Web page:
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HBR's 10 Must Reads on Innovation (with featured article "The Discipline of Innovation," by Peter F. Drucker)

HBR's 10 Must Reads on Innovation (with featured article "The Discipline of Innovation," by Peter F. Drucker)

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HBR's 10 Must Reads on Innovation (with featured article "The Discipline of Innovation," by Peter F. Drucker)

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Mar 5, 2013


To innovate profitably, you need more than just creativity. Do you have what it takes?

If you read nothing else on inspiring and executing innovation, read these 10 articles. We’ve combed through hundreds of articles in the Harvard Business Review archive and selected the most important ones to help you innovate effectively.

Leading experts such as Clayton Christensen, Peter Drucker, and Rosabeth Moss Kanter provide the insights and advice you need to:

  • Decide which ideas are worth pursuing
  • Innovate through the front lines—not just from the top
  • Adapt innovations from the developing world to wealthier markets
  • Tweak new ventures along the way using discovery-driven planning
  • Tailor your efforts to meet customers’ most pressing needs
  • Avoid classic pitfalls such as stifling innovation with rigid processes
Mar 5, 2013

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HBR's 10 Must Reads on Innovation (with featured article "The Discipline of Innovation," by Peter F. Drucker) - Harvard Business Review

HBR’s 10 Must Reads series is the definitive collection of ideas and best practices for aspiring and experienced leaders alike. These books offer essential reading selected from the pages of Harvard Business Review on topics critical to the success of every manager.

Titles include:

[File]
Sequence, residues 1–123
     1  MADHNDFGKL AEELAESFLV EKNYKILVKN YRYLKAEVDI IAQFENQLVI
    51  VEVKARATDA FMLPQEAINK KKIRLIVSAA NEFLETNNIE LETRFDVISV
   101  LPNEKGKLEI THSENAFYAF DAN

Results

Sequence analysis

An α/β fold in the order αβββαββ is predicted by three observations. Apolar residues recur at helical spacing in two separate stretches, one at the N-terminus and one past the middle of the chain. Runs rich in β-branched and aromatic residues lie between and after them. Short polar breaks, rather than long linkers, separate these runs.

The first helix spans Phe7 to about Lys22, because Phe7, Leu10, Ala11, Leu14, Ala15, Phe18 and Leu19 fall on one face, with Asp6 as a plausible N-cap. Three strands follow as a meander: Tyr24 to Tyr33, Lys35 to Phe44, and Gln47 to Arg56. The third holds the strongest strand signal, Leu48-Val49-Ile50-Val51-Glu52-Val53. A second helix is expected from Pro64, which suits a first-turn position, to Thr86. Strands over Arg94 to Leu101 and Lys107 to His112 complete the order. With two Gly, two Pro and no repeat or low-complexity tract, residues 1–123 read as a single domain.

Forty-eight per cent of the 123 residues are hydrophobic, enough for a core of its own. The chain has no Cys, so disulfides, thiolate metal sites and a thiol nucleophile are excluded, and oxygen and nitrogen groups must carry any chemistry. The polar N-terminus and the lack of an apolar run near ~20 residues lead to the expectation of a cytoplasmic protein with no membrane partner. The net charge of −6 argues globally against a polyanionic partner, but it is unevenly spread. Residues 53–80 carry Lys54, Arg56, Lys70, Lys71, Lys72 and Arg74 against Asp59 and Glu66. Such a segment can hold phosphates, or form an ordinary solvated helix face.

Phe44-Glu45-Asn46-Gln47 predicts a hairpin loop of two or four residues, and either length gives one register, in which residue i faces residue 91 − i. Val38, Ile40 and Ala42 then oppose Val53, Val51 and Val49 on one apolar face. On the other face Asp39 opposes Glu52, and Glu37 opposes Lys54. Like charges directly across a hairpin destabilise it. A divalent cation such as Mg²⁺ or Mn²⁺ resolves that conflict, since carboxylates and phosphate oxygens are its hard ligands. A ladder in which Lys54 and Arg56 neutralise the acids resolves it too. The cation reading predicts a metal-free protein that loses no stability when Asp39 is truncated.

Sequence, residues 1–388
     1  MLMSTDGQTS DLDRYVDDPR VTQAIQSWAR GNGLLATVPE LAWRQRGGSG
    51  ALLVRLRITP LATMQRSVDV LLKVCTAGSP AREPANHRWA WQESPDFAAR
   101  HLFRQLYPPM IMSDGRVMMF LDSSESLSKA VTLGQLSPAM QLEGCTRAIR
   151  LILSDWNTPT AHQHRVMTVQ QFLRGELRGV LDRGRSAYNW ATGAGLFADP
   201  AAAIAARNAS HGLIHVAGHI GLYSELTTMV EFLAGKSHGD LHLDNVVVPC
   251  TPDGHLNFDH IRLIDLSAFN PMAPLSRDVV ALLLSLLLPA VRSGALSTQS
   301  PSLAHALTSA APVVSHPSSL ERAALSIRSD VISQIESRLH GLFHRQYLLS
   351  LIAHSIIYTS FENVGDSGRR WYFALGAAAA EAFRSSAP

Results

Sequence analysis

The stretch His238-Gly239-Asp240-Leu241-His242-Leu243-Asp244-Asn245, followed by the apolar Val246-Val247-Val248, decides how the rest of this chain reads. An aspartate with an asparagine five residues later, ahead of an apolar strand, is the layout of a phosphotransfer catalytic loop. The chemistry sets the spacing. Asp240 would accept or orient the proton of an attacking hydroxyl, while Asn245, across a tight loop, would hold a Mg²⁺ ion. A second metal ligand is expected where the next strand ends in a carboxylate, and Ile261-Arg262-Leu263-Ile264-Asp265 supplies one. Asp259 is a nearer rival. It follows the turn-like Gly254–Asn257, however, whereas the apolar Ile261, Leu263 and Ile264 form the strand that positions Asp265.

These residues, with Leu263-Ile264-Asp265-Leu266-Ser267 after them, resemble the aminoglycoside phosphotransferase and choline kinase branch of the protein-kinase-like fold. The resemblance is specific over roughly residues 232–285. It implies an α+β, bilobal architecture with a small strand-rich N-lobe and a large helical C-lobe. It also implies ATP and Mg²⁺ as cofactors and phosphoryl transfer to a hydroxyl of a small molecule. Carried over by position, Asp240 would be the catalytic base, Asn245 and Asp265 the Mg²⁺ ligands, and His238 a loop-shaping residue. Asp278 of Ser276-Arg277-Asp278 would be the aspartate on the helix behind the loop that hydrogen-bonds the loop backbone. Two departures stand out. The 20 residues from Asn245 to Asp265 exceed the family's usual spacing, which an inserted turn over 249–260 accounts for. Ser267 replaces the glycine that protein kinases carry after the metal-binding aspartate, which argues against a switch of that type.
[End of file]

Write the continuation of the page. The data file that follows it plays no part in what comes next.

HBR’s 10 Must Reads on Change Management

HBR’s 10 Must Reads on Collaboration

HBR’s 10 Must Reads on Communication

HBR’s 10 Must Reads on Innovation

HBR’s 10 Must Reads on Leadership

HBR’s 10 Must Reads on Making Smart Decisions

HBR’s 10 Must Reads on Managing People

HBR’s 10 Must Reads on Managing Yourself

HBR’s 10 Must Reads on Strategic Marketing

HBR’s 10 Must Reads on Strategy

HBR’s 10 Must Reads on Teams

HBR’s 10 Must Reads: The Essentials




Boston, Massachusetts

Copyright 2013 Harvard Business School Publishing Corporation

All rights reserved

No part of this publication may be reproduced, stored in or introduced into a retrieval system, or transmitted, in any form, or by any means (electronic, mechanical, photocopying, recording, or otherwise), without the prior permission of the publisher. Requests for permission should be directed to, or mailed to Permissions, Harvard Business School Publishing, 60 Harvard Way, Boston, Massachusetts 02163.

The web addresses referenced in this book were live and correct at the time of book’s publication but may be subject to change.

Library of Congress Cataloging-in-Publication Data

HBR’s 10 must reads on innovation.

pages cm

Includes index.

ISBN 978-1-4221-8985-6 (alk. paper)

   1. Creative ability in business.   2. Creative thinking.   3. Diffusion of innovations—Management.   4. Technological innovations—Management.   5. New products.   I. Harvard business review   II. Title: HBR’s ten must reads on innovation.

HD53.H394 2013



Find more digital content or join the discussion on

eISBN: 978-1-4221-9150-7


The Innovation Catalysts

by Roger L. Martin

Stop the Innovation Wars

by Vijay Govindarajan and Chris Trimble

How GE Is Disrupting Itself

by Jeffrey R. Immelt, Vijay Govindarajan, and Chris Trimble

The Customer-Centered Innovation Map

by Lance A. Bettencourt and Anthony W. Ulwick

Is It Real? Can We Win? Is It Worth Doing?

by George S. Day

Six Myths of Product Development

by Stefan Thomke and Donald Reinertsen

Innovation: The Classic Traps

by Rosabeth Moss Kanter

Discovery-Driven Planning

by Rita Gunther McGrath and Ian C. MacMillan

The Discipline of Innovation

by Peter F. Drucker

Innovation Killers

by Clayton M. Christensen, Stephen P. Kaufman, and Willy C. Shih

About the Contributors


The Innovation Catalysts

by Roger L. Martin

ONE DAY IN 2007, midway through a five-hour PowerPoint presentation, Scott Cook realized that he wasn’t another Steve Jobs. At first it was a bitter disappointment. Like many entrepreneurs, Cook wanted the company he had cofounded to be like Apple—design driven, innovation intensive, wowing consumers year in and year out with fantastic offerings. But that kind of success always seemed to need a powerful visionary at the top.